The pin-tailed whydah is a brood parasite which lays its eggs in the nests of estrildid finches, especially waxbills. Unlike the common cuckoo, it does not destroy the host's eggs. Tipically, 2-4 eggs are added to those already present. The nestling whydah mimic the gape pattern of the fledgings of the host species.
The male is territorial, and one male often has several females in his small group. He has an elaborate courtship flight display, which includes hovering over the female to display its tail.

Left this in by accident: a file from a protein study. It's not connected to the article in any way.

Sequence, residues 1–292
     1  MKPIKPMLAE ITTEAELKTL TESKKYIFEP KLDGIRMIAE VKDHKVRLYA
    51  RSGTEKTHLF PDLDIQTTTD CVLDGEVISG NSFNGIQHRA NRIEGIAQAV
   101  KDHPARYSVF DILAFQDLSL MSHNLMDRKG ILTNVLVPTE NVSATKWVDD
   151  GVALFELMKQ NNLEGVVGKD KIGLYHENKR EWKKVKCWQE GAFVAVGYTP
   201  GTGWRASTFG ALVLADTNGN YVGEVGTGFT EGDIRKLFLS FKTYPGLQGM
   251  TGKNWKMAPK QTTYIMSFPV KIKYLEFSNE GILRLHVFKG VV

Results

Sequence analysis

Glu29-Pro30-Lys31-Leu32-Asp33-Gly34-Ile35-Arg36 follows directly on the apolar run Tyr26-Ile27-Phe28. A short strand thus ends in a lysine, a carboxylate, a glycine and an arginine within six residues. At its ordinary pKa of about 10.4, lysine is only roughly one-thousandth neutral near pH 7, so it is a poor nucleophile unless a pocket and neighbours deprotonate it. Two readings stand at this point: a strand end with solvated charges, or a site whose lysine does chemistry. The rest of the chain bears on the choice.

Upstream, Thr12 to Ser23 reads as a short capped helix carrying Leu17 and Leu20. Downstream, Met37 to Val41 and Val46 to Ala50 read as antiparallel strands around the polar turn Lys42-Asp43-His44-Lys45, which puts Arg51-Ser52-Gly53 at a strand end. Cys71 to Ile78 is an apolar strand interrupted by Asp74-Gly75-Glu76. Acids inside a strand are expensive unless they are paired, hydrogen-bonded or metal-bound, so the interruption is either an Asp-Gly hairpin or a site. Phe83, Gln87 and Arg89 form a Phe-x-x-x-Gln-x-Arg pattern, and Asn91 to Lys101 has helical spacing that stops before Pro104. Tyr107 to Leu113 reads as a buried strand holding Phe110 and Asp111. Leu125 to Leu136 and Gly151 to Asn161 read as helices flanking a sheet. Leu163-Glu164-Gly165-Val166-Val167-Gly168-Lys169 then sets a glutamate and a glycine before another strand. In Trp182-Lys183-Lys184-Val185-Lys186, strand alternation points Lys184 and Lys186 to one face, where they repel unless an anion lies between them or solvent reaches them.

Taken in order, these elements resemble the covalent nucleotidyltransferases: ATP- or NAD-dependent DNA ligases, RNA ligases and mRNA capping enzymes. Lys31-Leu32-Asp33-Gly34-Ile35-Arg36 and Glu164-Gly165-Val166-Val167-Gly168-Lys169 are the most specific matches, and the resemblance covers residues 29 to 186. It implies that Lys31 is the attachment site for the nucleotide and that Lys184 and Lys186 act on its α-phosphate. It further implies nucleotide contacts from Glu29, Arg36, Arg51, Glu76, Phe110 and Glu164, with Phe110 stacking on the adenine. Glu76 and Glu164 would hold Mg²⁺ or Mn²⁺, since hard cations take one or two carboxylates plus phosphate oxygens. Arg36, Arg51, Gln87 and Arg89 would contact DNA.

It is a small, gregarious, and tame species that is found in wide variety of open habitats including agricultural fields, parks, and gardens. The glorious adult male is unmistakable with its long tail and bright reddish bill. In nonbreeding plumage, both male and female have streaks on the sides of the upper chest, a boldly striped head, an orange-pink bill, and dark legs. In breeding plumage, the bill of female is dusky. Juveniles are dull brown overall.
Sources : Wikipedia / ebird.org